This archived article was written by: Alexander Holt
Voices of those raped. Voices of those sexually assaulted were heard through the Clothesline Project, hosted by Utah State University Eastern gave a voice back to survivors of rape, sexual assault and violence last week in the Jennifer Leavitt Student Center.
Students throughout the years provided T-shirts with words describing their experiences with sexual assault as well as encouraging words of support. At least eight to 10 students provided T-shirts this year, according to Ashley Yaugher, Ph.D. and USUE director of counseling who set up the project.
Words of encouragement were written on the shirts such as “You are not your past, you are strong + beautiful” or “healing is possible.”
Included on some of the shirts were stories like, “I was raped at a party by two guys that were my older brother’s good friends. I never told anyone. I was afraid nobody would believe me. I was even more afraid that my brother would take their side. I hate them! I had to see those them every day at school and pretend nothing was wrong, but it eats me alive every day. It happened three years ago.”
“Dear Grandpa, you molested me when I was 4 years old. I’ve battled guilt ever since… I forgive you. All I want to do now is help other victims so they might have [a chance to live] a normal life.”
“I am a girl of flesh and blood. Human, like you. I am not your trophy wife, arm candy or a sex slave. I am not less than you. I am of greater or equal value. You do not deserve me just because you expect to be deserved. I have feelings. I have emotions. I have desires. I have thoughts. I have dreams. I have intuitions. I have gut instincts. I have doubts. I have fears. I am a girl. I am valuable. I am beautiful. I am who I am with or without you.”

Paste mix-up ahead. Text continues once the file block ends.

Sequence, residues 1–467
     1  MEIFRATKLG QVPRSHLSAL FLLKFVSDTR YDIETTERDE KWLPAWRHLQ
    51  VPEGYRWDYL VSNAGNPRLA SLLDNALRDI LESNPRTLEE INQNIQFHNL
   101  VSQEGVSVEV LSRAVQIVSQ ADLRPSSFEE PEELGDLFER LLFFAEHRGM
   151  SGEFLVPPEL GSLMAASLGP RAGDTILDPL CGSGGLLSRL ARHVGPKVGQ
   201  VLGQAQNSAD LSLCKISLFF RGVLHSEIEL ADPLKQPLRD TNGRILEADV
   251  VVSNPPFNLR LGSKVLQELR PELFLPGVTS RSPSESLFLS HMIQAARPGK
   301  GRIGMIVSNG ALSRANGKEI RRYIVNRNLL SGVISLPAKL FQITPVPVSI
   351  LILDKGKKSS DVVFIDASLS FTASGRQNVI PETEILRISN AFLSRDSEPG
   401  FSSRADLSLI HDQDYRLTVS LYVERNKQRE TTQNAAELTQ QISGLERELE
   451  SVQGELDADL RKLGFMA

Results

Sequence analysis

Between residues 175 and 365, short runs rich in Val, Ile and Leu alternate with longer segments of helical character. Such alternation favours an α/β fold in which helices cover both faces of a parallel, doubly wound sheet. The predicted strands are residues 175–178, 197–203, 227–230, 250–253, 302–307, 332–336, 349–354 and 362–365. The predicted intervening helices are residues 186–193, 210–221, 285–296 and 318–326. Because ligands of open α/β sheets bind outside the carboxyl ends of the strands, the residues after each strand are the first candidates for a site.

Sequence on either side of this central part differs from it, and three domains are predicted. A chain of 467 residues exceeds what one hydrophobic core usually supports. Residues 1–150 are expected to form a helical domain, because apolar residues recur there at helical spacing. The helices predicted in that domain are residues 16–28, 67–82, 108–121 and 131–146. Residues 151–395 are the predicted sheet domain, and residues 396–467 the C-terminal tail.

“Me: I was raped at 17 by a boy who ‘loved’ me. I was beaten for having an opinion, voice, emotion, felling or saying no. I’ve been hit and bruised. I’ve [been] verbally attacked. I was told to kill myself. Worthless. Slut. Manipulative. I could never be someone, someone else wanted. All because I didn’t say no ‘loud’ or ‘clear’ enough. No was still no.”
These stories are the voices of rape and sexual assault survivors and with one in five women, and one in 71 men, being raped at some point in their lives according to the National Sexual Violence Resource Center. The likelihood that any student at Eastern experienced or knows someone who experienced sexual assault is high.
Signs placed across the campus remind us just how far reaching the problem of sexual
assault and rape is and tell us what consent is. If there is no consent, then it is rape. The signs read “Unconscious means no” and “No means no” among others.
“I hope that The Clothesline Project encouraged the prevention of violence, provided information to those in need, and created an environment that promoted healing while increasing awareness of the magnitude of violence against women and men,” Yaugher said.
According to the National Coalition Against Domestic Violence 43 percent of dating college women experiencing abusive behaviors from their partners, over 13 percent of these women report they have been stalked.
One in five women are sexual assault during their college years and date rape among students accounts of 35 percent of attempted rapes, 22.9 percent of threatened rapes, and 12.8 percent of completed rapes.